Online church helped me as a Catholic convert in the pandemic. But I need an in-person faith.
After a few years of slowly becoming absorbed in theology, I began the Rite of Christian Initiation for Adults at London’s Westminster Cathedral in the fall of 2019. It took until the end of the following summer, after the United Kingdom’s first wave of Covid-19 restrictions had waxed and waned, for me to receive baptism at the age of 32.
The spring and summer of 2020 were some of the hardest months of my life. It was not only a time of tribulation for me, of course, for acute suffering was everywhere. But I needed spiritual succor more than ever, and the new relationships I was trying to build in my adopted community already felt fractured by forces beyond my control.
That is when I began a dependence on “eCatholicism.” Living in an entirely online world became tantalizing as well as practical as I tried to distract myself from the pain of two nonstarter relationships within 12 months, being isolated from my friends and family, and increasing job insecurity. But as many of us came to realize, virtual Mass pales in comparison to the real thing. I wish the church had fought harder against the insistence by the United Kingdom and other governments that religious gatherings were non-essential.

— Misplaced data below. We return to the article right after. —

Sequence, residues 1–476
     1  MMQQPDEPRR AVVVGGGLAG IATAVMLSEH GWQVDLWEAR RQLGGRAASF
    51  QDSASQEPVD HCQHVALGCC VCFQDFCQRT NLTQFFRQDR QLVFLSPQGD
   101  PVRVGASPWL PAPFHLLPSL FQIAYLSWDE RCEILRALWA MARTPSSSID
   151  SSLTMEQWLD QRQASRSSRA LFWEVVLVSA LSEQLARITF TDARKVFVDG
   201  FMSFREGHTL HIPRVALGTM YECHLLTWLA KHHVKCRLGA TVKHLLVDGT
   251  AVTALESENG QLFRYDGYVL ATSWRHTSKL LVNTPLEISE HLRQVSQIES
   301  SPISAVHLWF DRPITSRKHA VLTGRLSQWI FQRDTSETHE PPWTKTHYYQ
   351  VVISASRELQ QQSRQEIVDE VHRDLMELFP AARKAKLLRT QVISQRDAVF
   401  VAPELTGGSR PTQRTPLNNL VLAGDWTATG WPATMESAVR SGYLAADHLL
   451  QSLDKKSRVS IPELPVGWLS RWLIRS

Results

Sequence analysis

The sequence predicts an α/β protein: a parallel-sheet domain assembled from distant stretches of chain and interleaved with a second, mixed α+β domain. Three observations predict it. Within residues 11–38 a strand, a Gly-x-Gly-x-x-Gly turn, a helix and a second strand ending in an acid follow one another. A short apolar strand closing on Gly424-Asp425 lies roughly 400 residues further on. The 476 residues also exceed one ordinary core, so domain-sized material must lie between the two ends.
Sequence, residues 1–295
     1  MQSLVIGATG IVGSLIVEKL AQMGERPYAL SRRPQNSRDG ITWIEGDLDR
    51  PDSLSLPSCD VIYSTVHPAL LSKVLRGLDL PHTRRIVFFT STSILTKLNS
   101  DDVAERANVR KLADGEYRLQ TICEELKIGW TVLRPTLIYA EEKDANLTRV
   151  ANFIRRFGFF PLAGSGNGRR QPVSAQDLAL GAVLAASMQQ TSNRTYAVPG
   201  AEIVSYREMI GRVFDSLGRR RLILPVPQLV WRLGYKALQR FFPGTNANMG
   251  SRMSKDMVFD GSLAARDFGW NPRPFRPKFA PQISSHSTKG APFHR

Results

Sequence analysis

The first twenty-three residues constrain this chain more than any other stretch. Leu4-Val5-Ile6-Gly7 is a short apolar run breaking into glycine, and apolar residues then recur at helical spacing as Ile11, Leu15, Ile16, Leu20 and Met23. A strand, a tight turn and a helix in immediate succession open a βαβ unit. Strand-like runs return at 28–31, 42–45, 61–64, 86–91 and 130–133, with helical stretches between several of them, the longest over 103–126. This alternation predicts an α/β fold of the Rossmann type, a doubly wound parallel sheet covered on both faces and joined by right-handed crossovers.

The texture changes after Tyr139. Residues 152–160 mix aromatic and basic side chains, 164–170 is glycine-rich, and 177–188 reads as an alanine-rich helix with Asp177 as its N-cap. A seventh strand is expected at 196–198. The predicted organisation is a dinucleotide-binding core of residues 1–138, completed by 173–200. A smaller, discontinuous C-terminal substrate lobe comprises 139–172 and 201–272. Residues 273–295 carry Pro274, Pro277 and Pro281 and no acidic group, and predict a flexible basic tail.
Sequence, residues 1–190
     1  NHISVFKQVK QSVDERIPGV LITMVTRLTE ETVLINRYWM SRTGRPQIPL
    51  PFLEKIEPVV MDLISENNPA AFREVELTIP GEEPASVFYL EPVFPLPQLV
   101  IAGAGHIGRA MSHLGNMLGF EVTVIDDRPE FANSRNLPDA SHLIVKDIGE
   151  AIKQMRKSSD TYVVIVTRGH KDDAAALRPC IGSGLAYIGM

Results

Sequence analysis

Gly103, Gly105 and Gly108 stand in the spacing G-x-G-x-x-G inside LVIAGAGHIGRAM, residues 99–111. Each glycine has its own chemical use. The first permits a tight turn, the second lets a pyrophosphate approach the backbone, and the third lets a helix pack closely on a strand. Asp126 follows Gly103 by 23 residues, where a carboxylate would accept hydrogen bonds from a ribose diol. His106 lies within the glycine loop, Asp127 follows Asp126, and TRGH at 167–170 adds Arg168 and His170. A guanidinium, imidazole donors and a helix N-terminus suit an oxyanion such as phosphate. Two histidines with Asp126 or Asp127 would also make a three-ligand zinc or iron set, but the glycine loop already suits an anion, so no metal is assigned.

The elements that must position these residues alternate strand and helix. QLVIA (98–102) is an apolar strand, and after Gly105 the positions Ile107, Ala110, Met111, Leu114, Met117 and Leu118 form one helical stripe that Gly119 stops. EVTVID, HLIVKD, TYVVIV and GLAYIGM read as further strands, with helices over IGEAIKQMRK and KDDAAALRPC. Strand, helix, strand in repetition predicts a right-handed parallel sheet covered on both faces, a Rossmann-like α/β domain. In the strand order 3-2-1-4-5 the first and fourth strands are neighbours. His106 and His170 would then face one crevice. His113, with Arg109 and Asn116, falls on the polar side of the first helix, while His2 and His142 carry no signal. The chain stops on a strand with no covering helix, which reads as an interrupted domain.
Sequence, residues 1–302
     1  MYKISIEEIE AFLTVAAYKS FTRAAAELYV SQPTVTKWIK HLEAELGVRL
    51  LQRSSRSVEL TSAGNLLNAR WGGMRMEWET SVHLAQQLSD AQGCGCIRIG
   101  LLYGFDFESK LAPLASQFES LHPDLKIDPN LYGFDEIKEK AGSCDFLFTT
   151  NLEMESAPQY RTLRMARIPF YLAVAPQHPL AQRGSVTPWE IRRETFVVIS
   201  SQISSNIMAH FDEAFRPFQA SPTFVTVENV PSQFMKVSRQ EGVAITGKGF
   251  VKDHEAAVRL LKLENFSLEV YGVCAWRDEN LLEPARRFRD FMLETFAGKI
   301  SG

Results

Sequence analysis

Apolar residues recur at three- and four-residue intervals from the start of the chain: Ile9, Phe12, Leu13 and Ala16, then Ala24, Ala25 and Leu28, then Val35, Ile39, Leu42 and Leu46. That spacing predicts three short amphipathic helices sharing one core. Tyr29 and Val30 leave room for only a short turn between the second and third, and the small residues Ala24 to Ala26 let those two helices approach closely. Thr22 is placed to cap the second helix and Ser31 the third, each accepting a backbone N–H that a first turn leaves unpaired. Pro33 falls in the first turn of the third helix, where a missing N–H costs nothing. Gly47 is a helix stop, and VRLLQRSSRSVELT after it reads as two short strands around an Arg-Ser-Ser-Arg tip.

Switching off the live feed of a Mass and immediately resuming the movie you were watching undermines so much of the celebration of the liturgy.
Switching off the live feed of a Mass and immediately resuming the movie you were watching, or going to make lunch straight away, undermines so much of the celebration of the liturgy. You want to make small talk with your fellow parishioners (and small talk leads to talk of bigger matters). You need the 20-minute walk home from church, when you can contemplate the homily. You need the actual sacraments.
For some, the biggest problem with the online world is a lack of accessibility. My 67-year-old uncle struggles to operate Zoom even after these two long years, and it has been worse for my 89-year-old grandmother, whose social life for the past 20 years has revolved around the church within walking distance of her home. She still does not even own a laptop.